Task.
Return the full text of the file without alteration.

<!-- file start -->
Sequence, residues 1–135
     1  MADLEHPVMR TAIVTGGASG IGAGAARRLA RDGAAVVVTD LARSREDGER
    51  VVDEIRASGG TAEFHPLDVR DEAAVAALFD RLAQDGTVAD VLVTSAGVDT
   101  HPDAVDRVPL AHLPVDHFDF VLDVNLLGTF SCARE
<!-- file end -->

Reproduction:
Sequence, residues 1–135
     1  MADLEHPVMR TAIVTGGASG IGAGAARRLA RDGAAVVVTD LARSREDGER
    51  VVDEIRASGG TAEFHPLDVR DEAAVAALFD RLAQDGTVAD VLVTSAGVDT
   101  HPDAVDRVPL AHLPVDHFDF VLDVNLLGTF SCARE